The Altiplano Tourbillon is a good example of what clients can order within the new Piaget Infinitely Personal concept, which allows future owners to select from a wide variety of options to create their own, “ultimate” Altiplano Tourbillon.

This is surprisingly as similar to ordering a high-end car as Piaget can create, for example: a sunburst enamel or lacquer dial in just about any color, even from a photograph or your favorite handkerchief. The personalization options go much further than that as even the tourbillon cage can be engraved with a personal message.

And should you consider diamonds on the bezel too bling an option, Piaget also offers emeralds, sapphires, or rubies.

While I applaud Piaget for its new concept, which I think strikes just the right note, I don’t need any other options as this Altiplano Tourbillon model variation is just perfect for me. The baguette-cut diamonds in combination with the white gold case are understated for a diamond setting and don’t overpower the dial at all.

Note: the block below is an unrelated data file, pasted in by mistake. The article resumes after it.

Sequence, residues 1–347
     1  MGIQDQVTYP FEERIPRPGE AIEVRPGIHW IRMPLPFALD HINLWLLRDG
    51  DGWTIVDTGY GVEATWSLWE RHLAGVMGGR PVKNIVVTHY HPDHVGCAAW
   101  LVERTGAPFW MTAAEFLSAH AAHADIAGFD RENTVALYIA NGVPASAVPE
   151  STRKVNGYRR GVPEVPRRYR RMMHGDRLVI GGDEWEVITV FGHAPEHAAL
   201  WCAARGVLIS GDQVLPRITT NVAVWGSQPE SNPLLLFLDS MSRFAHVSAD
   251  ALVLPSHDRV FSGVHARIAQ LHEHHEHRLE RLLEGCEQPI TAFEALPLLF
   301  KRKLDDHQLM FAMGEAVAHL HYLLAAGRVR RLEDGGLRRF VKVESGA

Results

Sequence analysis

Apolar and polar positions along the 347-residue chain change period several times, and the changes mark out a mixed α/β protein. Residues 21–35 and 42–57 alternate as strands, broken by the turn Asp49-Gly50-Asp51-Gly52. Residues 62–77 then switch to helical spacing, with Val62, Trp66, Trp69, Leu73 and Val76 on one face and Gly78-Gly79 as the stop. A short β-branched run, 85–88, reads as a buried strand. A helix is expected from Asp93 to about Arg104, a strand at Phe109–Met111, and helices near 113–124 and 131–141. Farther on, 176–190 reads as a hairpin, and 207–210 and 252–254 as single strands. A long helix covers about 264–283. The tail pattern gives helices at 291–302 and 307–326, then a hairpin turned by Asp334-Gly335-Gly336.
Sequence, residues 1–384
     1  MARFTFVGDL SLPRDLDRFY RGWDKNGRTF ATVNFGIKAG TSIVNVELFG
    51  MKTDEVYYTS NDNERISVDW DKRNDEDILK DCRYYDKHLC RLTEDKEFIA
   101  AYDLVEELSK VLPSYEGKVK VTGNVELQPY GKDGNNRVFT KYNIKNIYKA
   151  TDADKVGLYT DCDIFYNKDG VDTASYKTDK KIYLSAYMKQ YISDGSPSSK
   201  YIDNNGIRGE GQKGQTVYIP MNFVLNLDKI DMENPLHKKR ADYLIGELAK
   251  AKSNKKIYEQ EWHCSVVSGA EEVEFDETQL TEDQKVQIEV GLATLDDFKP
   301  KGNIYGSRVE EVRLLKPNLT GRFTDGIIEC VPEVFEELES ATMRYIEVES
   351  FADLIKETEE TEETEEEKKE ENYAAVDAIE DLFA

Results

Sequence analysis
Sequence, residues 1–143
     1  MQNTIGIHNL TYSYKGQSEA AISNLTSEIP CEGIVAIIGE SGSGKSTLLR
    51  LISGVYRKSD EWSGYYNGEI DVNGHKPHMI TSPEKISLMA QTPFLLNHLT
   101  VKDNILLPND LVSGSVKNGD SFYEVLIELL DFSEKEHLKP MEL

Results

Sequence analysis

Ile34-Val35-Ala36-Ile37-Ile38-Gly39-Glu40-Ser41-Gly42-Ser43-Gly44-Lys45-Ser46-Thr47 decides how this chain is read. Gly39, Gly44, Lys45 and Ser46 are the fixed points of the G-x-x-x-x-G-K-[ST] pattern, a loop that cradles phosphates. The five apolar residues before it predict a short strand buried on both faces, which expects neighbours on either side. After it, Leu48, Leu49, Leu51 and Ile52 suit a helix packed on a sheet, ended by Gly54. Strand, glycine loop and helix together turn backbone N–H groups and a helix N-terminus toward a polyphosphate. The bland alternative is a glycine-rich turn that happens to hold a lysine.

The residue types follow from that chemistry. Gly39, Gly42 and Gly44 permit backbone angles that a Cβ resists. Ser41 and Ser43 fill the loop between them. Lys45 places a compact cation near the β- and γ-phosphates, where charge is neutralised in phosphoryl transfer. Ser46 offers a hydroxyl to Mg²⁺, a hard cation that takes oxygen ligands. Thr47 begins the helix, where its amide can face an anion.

Piaget opted to give the flying tourbillon generous room to shine by making the subdial for the hours and minutes the same diameter, giving the watch a sense of style that we haven’t seen since the 1960s.

That this tourbillon is no longer (for now) the thinnest tourbillon on the market doesn’t take away from the fact that its Caliber 670P is still among one of the most breathtaking tourbillon movements available. And that hasn’t lost any of its relevance.

Quick Facts Piaget Altiplano Tourbillon
Case: 41 x 7.4 mm, white gold, bezel set with 48 baguette-cut diamonds (approx. 2.51 ct), lugs set with three brilliant-cut diamonds each, crown set with 1 rose-cut diamond (approx. 0.09 ct)
Movement: manual winding Caliber 670P with one-minute flying tourbillon, 48-hour power reserve, 3 Hz/21,600 vph frequency
Functions: hours, minutes, seconds (on tourbillon cage)
Price: on request